It is evident that the prison population is a vulnerable population especially because of financial, physical, and social limitations. Resources such as information, time with their loved ones, and psychological care are also fundamentally limited. This exposes the inmates to high levels of stress. As a result, inmates find themselves at a risk of developing mental illnesses and conditions such as depression.

Summary of US Healthcare Models

Essentially, the US has four fundamental models that it follows in the provision of healthcare services to its citizens. These healthcare models include the National Health Insurance, Bismarck, Out-of-Pocket, and Beveridge. To start with, the beveridge model of healthcare applies the use of taxation to cater for health expenditures. Tax deductions are channeled to provision of healthcare whereby most of the hospitals are actually owned by the state. When it comes to Bismark model of healthcare system, the funds are drawn from payment deductions. These payment deductions are contributed by both the employer and the employee to raise enough funds for the healthcare coverage (Wallace, 2013).

The National Health Insurance, on the other hand, draws funds from the government, but it uses privately owned institutions when it comes to provision of services. In addition, although most countries do not go for a profit-making insurance program, the USA follows an insurance model that makes profits. Lastly, the Out-Of-Pocket model is mostly implemented in developing countries where the capability to establish universal coverage is essentially difficult. In this case, the patients pay from their pockets directly to the institution of service provision. Kulesher and Forrestal (2014) view this system as a classic economic model. In their view, the model is informed and controlled by the forces of supply and demand especially when it comes to pricings as well as cost incurred. In essence, it works on the basis that several patients can combine their efforts to pay for doctor’s services.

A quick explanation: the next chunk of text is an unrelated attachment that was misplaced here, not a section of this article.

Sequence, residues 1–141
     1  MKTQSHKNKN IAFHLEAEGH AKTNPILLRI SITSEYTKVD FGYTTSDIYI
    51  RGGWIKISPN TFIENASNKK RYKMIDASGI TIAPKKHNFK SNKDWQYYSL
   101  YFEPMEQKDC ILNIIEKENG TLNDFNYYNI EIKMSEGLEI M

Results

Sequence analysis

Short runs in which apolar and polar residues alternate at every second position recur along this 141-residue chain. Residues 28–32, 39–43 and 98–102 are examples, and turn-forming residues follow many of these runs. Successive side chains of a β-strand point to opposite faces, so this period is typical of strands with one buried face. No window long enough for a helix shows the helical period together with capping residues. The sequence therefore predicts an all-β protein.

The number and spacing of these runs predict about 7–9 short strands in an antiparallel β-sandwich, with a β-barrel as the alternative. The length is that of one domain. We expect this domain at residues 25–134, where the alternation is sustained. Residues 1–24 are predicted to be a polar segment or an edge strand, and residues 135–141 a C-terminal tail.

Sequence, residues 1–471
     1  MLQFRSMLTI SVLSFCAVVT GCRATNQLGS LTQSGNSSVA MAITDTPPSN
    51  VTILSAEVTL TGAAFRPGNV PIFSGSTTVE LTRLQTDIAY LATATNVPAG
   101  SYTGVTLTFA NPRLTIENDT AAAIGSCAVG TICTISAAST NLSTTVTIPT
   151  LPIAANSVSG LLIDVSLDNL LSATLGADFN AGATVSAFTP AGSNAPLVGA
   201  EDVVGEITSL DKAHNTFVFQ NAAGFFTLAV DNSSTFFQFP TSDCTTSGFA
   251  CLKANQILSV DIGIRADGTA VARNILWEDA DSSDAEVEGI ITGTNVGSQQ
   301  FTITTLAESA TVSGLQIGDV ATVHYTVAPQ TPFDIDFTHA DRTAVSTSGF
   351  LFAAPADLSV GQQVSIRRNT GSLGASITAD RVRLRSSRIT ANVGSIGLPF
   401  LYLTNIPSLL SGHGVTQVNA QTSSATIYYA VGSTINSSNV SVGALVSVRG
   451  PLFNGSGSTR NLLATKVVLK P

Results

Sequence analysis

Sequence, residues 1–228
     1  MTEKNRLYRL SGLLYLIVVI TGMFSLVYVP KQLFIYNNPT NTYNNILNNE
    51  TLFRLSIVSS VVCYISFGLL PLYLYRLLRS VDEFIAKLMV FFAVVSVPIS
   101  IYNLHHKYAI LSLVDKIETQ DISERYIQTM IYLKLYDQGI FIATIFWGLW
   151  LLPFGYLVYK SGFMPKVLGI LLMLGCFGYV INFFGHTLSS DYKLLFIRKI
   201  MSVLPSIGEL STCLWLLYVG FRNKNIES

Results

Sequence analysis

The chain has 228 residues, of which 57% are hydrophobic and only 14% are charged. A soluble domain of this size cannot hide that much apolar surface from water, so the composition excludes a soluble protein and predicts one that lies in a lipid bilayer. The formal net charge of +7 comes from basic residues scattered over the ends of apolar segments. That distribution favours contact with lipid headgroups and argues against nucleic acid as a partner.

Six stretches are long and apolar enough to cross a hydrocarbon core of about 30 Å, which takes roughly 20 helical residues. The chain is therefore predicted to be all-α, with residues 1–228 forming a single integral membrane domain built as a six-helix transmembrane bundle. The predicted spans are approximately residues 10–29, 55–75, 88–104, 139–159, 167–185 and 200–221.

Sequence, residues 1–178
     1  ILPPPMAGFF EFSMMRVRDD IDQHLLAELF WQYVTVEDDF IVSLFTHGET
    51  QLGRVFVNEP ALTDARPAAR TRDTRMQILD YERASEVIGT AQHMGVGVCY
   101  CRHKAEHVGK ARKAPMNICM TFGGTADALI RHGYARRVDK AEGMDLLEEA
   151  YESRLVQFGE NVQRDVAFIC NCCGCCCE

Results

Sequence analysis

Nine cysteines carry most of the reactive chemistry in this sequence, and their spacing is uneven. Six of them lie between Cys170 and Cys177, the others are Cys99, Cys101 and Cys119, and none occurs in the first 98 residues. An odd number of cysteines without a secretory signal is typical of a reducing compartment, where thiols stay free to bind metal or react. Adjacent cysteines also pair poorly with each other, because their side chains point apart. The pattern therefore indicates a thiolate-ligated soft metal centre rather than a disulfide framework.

Table 2: Tabular representation of the differences of the four basic healthcare models in US

Model Characteristics showing differences
  • Funds come from taxation
  • Hospitals are mostly owned by government
  • Funds are obtained from payroll deductions
  • Hospitals are mostly privately owned
  • Does not make profits
National Health Insurance (US)
  • Government provide funds drawn from citizenry contributions
  • Hospitals used are privately owned
  • Makes profits
  • Funds come from patients directly and hence they are charged upon service pursuit
  • The patient seeks the hospitals of choice either private or government owned. However, government owned hospitals are cheaper due to subsidies
  • Makes profits since it follows supply and demand

Although some of the models such as Bismarck and Beveridge are not as prevalent in the USA as compared to their place of origin, the country shows characteristics aligned to all the four models. However, the insurance model is more prevalent as compared to the rest. Based on the emphasis of insurance-oriented healthcare, I believe that USA will create a more sustainable healthcare system especially with innovative provision such as the Affordable Care Act (Obamacare). As such, it is my view that within the next few years, every citizen will sustainably be assured of coverage as far as their health expenditure is concerned. This is based on the fact that the use of insurance can effectively cover the employed, self-employed, and even the unemployed provided programs are well set.


Federal Bureau of Prisons. (2016). Web.

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Kulesher, R., & Forrestal, E. (2014). International models of health systems financing. JHA Journal of Hospital Administration, 3(4).

Leight, S. (2003). The Application of a Vulnerable Populations Conceptual Model to Rural Health. Public Health Nursing Public Health Nurs, 20(6), 440-448.

Raphael, S., & Stoll, M. A. (2009). Do prisons make us safer?: The benefits and costs of the prison boom. New York: Russell Sage Foundation.

Wallace, L. (2013). A View of Health Care Around The World. Annual Family Medical, 11(84), 1483-1484.